Sunday, 19 April, 2009, 15.12 BST
by: Andrew Clark
Sales surge for book about history of Latin America's exploitation after exchange at summit of Americas.
A 36-year-old historical tract attacking the imperialist exploitation of Latin America has become an improbable overnight bestseller after the Venezuelan president Hugo Chávez abruptly presented a copy to Barack Obama.
During a session of the summit of the Americas in Trinidad at the weekend, Chávez strode up to Obama, patted him on the shoulder and, with a friendly handshake, gave him a paperback copy of Eduardo Galeano's 1973 work, Open Veins of Latin America: Five Centuries of the Pillage of a Continent.
As footage of the encounter appeared on news bulletins, the book rocketed up the US paperback sales chart of the online bookseller Amazon, soaring from number 54,295 to sixth place within 24 hours.
A classic work in left-wing circles, Galeano's book analyses five centuries of unequal relations with Europe and the US. It contends that Latin America has been abused as industrialised nations plundered its natural resources, ranging from gold and silver to cocoa and cotton.
Obama accepted the book in good humour, telling reporters: "I thought it was one of Chávez's books. I was going to give him one of mine."
The US president has made it clear that he wants a friendlier relationship than his predecessor with Chávez, who once described George Bush as the "devil" and who frequently railed against the US for providing flawed global leadership.
After meeting Obama, Chávez suggested on Saturday that Venezuela was ready to send an ambassador to Washington, ending a diplomatic impasse which began in September. The summit was also notable for further signs of a thaw in US-Cuban relations.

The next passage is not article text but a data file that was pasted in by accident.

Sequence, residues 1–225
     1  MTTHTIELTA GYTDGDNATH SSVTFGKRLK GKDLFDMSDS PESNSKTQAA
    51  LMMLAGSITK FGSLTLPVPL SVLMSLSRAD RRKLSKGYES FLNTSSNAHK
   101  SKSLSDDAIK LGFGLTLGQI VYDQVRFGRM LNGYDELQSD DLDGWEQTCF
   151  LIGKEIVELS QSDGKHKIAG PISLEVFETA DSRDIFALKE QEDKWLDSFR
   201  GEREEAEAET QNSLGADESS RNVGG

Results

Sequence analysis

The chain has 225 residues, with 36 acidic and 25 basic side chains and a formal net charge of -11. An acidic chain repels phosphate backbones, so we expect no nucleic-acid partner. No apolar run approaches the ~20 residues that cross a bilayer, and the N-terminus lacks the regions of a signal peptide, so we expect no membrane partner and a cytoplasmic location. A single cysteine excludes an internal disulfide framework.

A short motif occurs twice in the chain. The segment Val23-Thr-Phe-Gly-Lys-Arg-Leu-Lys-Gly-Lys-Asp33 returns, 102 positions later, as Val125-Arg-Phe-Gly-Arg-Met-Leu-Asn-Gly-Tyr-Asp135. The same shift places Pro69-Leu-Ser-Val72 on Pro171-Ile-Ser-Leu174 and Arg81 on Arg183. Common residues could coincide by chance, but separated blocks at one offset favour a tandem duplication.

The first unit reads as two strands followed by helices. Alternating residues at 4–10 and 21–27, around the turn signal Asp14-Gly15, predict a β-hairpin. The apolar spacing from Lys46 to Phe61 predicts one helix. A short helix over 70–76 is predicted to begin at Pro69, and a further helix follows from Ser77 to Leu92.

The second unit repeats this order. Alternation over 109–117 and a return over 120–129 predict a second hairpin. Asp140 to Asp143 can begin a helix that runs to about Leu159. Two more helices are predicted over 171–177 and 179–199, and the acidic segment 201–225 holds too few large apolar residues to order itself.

It is not the first time that Chávez has influenced the readers of the world. Three years ago he publicly praised a Noam Chomsky tome, Hegemony or Survival: America's Quest for Global Dominance, at the United Nations. The book surged to the top of Amazon's bestseller list.
Galeano's book could provide food for thought in the White House. A highly controversial work, it was banned during periods of military leadership in Chile, Argentina and Uruguay. In a famous passage, it argues: "Our defeat was always implicit in the victory of others; our wealth has always generated our poverty by nourishing the prosperity of others."
A recent edition contains an introduction by the novelist Isabel Allende, who writes that the book was one of a handful of items she took with her when she fled Chile after a military coup in 1973 along with a bag of dirt from her garden, some family pictures and clothes.
Advisers to Obama suggested, however, that a practical problem may interfere with the president's enjoyment of the book. When asked whether Obama was likely to read it, White House spokesman Robert Gibbs said: "I think it's in Spanish, so that might be a tad on the difficult side."
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